Tag Archive | gardening

Why I ‘Often’ Say Not-so-Nice Things About Master Gardeners…


“You seem to have a real problem with master gardeners. What is your ******* problem? Are you jealous that you are not one? Master gardeners are experts and instead of being a ******** about gardening you should actually learn something about gardening. You know **** and you give poor advice. I’m sick of you ******* about us. You are one of those ******** that once planted a plant and now think you know every ******* thing about gardening and you probably have to copy your blog articles off of someone elses blog and put them up as yours because you are so ******* dumb. All the comments you have up are the good ones because you probably delete all the ones that ***** at you because you are a ******* *******.  You are making fun all the time of people that actually know how to garden and you give master gardeners a bad name. I wish someone would regulate blogs so stupid ********** losers like you could not write dumb*** articles or copy other peoples articles. Why don’t  you stop being so ****** up and go become a master gardener so you are not so full of ****!

Lynn”

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Dear Lynn,

Thank you for your comment. Your comment is proof that all comments posted on my blog are published, although yours has been edited for this post because of your use of colorful language. I made the edits equally colorful.  However, your original post on my “Post a Question” page has been left in its entirety because I do not have the ability to edit posts to my page.  My readers that enjoy the rancor of a sailor’s tongue can head over to view it in all of its explicative glory.

So, why do I sometimes say things about Master Gardeners that may indicate that not all are experts?

 

Real World Justification

I totally agree with other bloggers and forum posters that “Master Gardener” is a misnomer and I have said that attending classes (where attendance usually isn’t even required), completing a take-home open book test, and then performing 40 volunteer hours does not make anyone a “master” at anything.  As one of my friends, who is a Master Gardener, said of her training, “there were people in my class who’d never put a plant in the ground in their lives, and after “training” and certification, still hadn’t. One man didn’t even know that potatoes grow under the ground.”

“Master” in the name leads to problems like:

– People that know nothing about gardening think it is the same has having a Master’s Degree or being a Master Carpenter. These are titles that represents actual mastery of a subject through hard work, non-open book tests, and more than just showing up and standing around for volunteer work.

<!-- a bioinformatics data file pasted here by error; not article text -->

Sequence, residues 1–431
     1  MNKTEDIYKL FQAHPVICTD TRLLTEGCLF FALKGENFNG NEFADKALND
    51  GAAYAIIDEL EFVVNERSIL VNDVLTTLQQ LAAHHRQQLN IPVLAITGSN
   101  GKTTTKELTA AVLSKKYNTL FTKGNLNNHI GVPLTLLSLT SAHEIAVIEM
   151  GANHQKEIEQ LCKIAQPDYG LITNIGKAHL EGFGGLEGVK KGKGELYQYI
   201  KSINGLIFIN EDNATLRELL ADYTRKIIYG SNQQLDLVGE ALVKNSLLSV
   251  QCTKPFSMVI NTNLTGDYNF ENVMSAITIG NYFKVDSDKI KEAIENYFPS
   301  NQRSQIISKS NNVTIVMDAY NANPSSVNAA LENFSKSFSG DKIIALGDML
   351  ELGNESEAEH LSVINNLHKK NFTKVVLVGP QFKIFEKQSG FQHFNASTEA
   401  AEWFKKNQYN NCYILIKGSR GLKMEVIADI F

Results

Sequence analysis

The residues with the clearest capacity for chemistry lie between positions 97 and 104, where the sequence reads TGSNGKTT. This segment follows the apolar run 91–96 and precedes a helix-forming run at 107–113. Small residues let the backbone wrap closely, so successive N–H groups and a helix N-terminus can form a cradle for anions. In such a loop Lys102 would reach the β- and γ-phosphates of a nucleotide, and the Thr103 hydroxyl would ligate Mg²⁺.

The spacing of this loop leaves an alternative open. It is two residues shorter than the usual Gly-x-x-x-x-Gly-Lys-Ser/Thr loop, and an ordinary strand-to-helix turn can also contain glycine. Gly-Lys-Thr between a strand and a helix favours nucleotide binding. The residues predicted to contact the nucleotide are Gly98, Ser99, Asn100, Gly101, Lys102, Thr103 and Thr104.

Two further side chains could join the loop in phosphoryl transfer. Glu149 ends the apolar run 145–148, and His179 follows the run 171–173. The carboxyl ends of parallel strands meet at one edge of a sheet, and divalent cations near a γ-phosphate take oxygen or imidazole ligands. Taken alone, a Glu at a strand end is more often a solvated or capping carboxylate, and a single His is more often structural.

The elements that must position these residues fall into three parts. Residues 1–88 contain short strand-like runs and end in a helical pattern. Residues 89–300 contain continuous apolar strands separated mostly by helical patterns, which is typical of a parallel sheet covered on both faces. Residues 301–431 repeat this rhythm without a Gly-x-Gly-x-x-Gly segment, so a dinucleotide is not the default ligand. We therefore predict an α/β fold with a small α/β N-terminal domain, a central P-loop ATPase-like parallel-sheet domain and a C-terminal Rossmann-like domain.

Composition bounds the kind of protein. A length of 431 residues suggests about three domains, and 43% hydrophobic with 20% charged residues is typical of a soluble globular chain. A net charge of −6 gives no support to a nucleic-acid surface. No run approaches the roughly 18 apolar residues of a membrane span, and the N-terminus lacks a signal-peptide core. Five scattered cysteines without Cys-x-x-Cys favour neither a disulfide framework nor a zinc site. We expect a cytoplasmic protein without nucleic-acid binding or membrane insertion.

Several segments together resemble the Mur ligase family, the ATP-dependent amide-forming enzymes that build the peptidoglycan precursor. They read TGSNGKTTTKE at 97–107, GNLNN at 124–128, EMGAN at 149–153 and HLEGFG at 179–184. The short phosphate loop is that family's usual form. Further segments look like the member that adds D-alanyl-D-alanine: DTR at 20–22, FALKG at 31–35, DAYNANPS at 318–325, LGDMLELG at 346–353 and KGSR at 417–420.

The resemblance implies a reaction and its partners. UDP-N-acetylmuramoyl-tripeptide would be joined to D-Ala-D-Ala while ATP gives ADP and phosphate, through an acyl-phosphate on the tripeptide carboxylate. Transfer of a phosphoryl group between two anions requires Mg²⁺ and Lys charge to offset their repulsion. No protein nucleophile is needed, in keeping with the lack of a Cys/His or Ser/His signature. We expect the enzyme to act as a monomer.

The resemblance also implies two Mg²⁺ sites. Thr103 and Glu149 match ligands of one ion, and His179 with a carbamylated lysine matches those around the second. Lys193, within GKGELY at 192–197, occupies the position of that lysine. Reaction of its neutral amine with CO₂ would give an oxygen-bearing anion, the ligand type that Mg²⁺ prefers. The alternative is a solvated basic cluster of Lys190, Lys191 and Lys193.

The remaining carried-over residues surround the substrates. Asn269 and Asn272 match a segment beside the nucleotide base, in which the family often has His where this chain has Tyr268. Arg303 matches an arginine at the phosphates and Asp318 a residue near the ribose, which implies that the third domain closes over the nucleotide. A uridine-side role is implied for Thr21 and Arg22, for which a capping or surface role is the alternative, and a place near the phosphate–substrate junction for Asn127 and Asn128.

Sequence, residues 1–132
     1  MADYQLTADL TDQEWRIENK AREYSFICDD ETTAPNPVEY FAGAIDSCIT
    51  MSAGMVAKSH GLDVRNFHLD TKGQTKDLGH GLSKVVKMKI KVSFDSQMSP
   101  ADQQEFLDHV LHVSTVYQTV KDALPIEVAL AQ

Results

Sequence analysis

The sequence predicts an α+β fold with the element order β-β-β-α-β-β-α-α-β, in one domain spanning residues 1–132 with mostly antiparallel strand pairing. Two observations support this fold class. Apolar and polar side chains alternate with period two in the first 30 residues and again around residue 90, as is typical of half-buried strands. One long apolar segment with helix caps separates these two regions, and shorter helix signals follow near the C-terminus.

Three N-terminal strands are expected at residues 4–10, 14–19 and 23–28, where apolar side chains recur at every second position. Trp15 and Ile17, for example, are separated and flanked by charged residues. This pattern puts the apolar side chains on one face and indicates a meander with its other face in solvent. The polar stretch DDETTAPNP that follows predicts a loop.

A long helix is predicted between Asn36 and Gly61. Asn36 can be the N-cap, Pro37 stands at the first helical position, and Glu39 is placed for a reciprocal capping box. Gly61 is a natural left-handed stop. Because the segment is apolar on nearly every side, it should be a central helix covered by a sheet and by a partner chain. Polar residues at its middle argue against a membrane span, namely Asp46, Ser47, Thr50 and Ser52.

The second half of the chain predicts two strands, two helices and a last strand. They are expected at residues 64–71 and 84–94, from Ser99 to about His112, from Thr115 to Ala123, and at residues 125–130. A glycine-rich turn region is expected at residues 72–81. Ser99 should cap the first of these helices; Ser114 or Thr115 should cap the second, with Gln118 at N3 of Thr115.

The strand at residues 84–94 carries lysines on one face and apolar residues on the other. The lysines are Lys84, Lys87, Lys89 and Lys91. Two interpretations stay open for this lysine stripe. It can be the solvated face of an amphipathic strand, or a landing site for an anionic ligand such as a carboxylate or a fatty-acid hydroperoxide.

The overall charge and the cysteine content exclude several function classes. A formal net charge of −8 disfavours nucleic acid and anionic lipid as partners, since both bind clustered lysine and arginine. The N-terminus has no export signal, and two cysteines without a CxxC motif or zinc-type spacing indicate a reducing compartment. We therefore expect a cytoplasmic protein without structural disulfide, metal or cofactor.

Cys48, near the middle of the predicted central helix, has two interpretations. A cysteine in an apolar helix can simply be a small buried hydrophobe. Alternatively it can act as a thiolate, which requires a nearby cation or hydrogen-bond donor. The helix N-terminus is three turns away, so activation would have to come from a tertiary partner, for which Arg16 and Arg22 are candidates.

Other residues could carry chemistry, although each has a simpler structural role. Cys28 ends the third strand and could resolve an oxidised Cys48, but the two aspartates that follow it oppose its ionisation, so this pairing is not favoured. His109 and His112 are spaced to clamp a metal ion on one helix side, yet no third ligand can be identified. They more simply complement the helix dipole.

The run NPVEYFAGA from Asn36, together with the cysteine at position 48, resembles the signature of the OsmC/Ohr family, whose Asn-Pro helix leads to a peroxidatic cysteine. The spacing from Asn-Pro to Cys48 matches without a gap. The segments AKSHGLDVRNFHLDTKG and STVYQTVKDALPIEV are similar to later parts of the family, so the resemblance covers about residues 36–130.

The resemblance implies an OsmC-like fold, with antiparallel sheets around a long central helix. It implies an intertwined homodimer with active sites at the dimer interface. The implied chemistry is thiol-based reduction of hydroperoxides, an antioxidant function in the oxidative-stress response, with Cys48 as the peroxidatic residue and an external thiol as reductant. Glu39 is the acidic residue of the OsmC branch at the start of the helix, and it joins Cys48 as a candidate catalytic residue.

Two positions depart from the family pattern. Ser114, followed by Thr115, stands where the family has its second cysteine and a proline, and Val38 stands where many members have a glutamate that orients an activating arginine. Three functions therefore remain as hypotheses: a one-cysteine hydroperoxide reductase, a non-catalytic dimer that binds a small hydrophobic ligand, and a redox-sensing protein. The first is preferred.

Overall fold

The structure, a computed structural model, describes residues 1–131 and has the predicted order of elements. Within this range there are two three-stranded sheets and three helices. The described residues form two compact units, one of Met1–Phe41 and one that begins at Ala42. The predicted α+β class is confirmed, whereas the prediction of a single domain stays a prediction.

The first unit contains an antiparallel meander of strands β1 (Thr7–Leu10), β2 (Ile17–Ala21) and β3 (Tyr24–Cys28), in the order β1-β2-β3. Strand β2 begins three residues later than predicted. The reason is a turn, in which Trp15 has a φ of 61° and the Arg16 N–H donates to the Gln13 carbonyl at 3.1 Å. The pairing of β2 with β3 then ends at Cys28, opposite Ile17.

– Apparently, it can go to people’s heads (as seen in my experience).  “Some Master Gardeners take that title seriously and are quite vain about it.”  “They are quite pompous for the limited amount they know.”

– It makes people insipid:  “They use the title of ‘Master Gardener’ as evidence of knowledge of all outdoor things with all-inclusive expertise. Plus they tend to be really really boring because when you start to talk about plants they can’t say anything because they have gotten lost by your knowledge.”

– The name is often mistakenly assumed to indicate a higher level of knowledge and training than actual horticulturists with years of university training.

– Many complaints that America’s Master Gardener, Jerry Baker, is a known quack who’s made millions off that self-proclaimed title while giving advice that often kill or stunt plants. It died because you aren’t a master like him.  Ever wonder which program on PBS’s Create channel gets the worst reviews and has the highest number of complaints from non-Master Gardener garden groups and viewers? Jerry Baker’s show.

 

My Justification

When I was in my teens, I worked at research facility that had trial gardens. The folks I worked with all had experience with farm crops (having been raised on the farm), except for one.  The lady in charge of the gardens was a Master Gardener, and boy, did she know it all. She made sure that everyone else knew that she knew it all too (even in areas like horses, homemaking, mechanics, and more).  Even though she had gone through the classes and was her county’s biggest, best gardener (named so by the local Master Gardeners association), she still didn’t realize that you don’t plant your cole crops 4″ apart. According to her, all the package directions for the seeds were wrong, and it was the soil’s fault that her cabbage, broccoli, cauliflower, etc. heads were golf ball size or smaller. That rotten sandy soil. Really? Then why was a researcher a few plots over growing huge cole crops with the same water and fertilizer regime?

In college, I worked on campus in my department and one of the favorite major advisors for the department was a huge Master Gardener. She had landscaped an area near one of the entrances to the building. Oooohhh, aaaahhh. NOT! Apparently she had never heard of this funny little thing called ZONES! Just because it grows as a perennial in Florida where you saw it on your last family trip does not mean it will grow here.  Even at the best of times, the area was an eyesore and finally the university told her they would be doing all future landscaping in the area because it made the campus look bad.  She also wore Wal-Mart bags on her feet and nitrile gloves on her hands because she was scared of deadly soil organisms.